A Full Night at Kaʻohe

A last star party of the year, actually the last star party of the decade.

'Scopes in the Twilight
A pair of 8″ telescopes in the twilight, with a setting Moon and Venus over Hualalai

With new Moon in the middle of Christmas week I had the choice of the weekend before Christmas, or the weekend after. Guessing that attendance would be better in the quiet days between holidays I chose December 28th as our monthly new Moon star party.

The site was, as usual our Ka’ohe observing site on the side of Mauna Kea. The weather was nearly ideal, clear, not very cold, and almost no wind at the site.

Arriving at the site to find beautiful, clear skies we marveled at the sunset scene. A brilliant Venus and three day old crescent Moon hung above the fading sunset and Hualālai.

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Postcard from the Summit – Mamane and Fogbow

As you descend from Hale Pohaku in the afternoon you often drive into the top of the clouds at about 6,000-8,000ft elevation. The transition from clear blue skies to fog is often stunningly breautiful, a zone where light does interesting things. This zone is haunted by ghostly phenomena… As long as the Sun angle is low you will see fogbows here…

Mamane & Fogbow
A favorite mamane tree framed by a fogbow along the Mauna Kea access road

Were cultural sites destroyed when building observatories?

Another of the myths that plague this conversation. While not as commonly stated as some of the other myths discussed here, it has been persistent and seems to pop up regularly.

A photo of the Mauna Kea summit area from the Preston expedition of 1892
A photo of the Mauna Kea summit area from the Preston expedition of 1892

When the 12 existing facilities were built, not only were laws waived, heiau and ahus were bulldozed into trash heaps. 

wailana in a comment on Ian Lind’s blog 14Sep2019

The myth is clearly an attempt to show that the state callously allowed the destruction of cultural properties in the past, thus showing that the state does not care for Hawaiian issues and would break its own laws.

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A Moonlit Night at Kaʻohe

It was Norman who started it.

The last glow of Sunset over Hualālai, with Venus just about to set behind the mauna and Jupiter high above.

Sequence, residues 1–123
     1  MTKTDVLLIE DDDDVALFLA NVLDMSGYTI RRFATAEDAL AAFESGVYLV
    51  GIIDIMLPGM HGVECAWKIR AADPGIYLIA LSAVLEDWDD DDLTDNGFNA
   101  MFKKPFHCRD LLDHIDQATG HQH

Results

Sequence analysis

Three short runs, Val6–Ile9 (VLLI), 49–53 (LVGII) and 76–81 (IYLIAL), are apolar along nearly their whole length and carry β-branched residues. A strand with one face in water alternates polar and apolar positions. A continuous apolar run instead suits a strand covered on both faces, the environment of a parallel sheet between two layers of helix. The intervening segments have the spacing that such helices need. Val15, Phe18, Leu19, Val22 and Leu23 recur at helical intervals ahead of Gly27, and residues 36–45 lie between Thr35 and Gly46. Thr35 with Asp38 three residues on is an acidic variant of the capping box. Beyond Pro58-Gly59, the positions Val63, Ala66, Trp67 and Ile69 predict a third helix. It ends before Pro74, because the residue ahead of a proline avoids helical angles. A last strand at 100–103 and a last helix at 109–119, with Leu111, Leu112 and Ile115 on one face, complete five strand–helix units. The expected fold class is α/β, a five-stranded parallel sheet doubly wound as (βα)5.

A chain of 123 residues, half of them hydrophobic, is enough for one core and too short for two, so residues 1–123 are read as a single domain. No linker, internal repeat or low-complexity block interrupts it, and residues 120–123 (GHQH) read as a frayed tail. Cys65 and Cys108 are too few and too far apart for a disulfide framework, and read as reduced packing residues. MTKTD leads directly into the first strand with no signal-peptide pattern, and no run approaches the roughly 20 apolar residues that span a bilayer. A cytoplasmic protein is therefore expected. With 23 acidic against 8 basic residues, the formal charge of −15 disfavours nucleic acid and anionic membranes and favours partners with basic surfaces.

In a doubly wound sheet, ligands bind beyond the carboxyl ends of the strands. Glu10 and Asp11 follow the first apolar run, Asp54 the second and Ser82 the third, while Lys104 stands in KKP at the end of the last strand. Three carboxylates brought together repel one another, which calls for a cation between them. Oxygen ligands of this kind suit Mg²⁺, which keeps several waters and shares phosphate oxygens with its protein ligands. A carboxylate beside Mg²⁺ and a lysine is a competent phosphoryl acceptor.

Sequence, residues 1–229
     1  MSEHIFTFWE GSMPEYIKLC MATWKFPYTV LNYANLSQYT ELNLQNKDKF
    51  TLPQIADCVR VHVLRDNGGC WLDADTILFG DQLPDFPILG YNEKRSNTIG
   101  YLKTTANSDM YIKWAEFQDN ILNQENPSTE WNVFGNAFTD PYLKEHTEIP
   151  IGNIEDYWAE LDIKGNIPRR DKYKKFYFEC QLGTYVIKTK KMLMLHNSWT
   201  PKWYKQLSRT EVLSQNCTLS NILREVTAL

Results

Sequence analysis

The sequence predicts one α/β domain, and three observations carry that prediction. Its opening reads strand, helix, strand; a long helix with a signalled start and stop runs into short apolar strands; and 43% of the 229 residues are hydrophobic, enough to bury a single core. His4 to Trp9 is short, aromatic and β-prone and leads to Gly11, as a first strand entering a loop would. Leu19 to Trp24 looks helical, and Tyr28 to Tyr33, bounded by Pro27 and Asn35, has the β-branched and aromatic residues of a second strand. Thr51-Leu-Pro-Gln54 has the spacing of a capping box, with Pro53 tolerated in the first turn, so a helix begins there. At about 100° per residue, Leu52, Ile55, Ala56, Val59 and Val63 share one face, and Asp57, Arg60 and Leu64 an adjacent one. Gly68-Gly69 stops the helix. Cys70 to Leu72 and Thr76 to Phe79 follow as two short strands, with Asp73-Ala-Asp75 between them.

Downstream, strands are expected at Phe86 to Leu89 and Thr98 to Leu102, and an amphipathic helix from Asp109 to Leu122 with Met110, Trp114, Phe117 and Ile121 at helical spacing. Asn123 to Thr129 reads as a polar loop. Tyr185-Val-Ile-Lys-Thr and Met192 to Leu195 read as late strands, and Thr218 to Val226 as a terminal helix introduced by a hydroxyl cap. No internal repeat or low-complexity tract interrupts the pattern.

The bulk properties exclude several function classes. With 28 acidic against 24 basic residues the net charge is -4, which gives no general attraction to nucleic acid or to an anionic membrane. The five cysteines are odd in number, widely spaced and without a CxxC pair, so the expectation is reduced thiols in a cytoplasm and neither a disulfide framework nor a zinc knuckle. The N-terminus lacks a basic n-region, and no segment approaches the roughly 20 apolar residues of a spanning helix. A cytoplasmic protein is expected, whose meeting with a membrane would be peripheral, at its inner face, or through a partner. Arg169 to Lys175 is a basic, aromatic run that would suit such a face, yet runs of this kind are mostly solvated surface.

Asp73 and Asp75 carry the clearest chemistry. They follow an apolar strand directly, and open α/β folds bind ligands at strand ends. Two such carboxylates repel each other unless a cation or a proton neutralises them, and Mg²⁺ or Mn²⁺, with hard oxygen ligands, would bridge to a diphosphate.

The last glow of Sunset over Hualālai, with Venus just about to set behind the mauna and Jupiter high above.

An innocent email… Anyone interested in a star party this weekend?

Last weekend’s new Moon star party had been a bust, heavy clouds overhead were a disappointment to those of us waiting for a good dark night.

Given the positive response to Norman’s email there seems to be a few folks ready to go despite a bright Moon in the sky. With the weather looking good the Saturday afternoon email flurry showed that a few folks were going, thus I joined in.

As per Mauna Kea normal I drove through the clouds, heavy fog on Saddle Road just a mile from Kaʻohe made the trip seem hopeless. But as I neared the turn I suddenly found myself above the clouds, the bright Moon high over Hualalai.

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A Night Between Hurricanes at Kaʻohe

Our monthly dark skies star party had been originally planned for the night of July 27th, a few days before full Moon. With the governor’s emergency order all access to the mauna was closed, and the gals at the DLNR office let me know I could not get a permit. With that I put out a message I hate to post… Star party cancelled.

The NexStar 11 setup under the Milky Way at Kaʻohe
The NexStar 11 setup under the Milky Way at Kaʻohe, photo processed with Prisma

One week later and things look better, the emergency order has been rescinded and we again have access to the mauna, no problem getting our permit.

The problem this time looked to be weather, no big problem… Just a couple of hurricanes.

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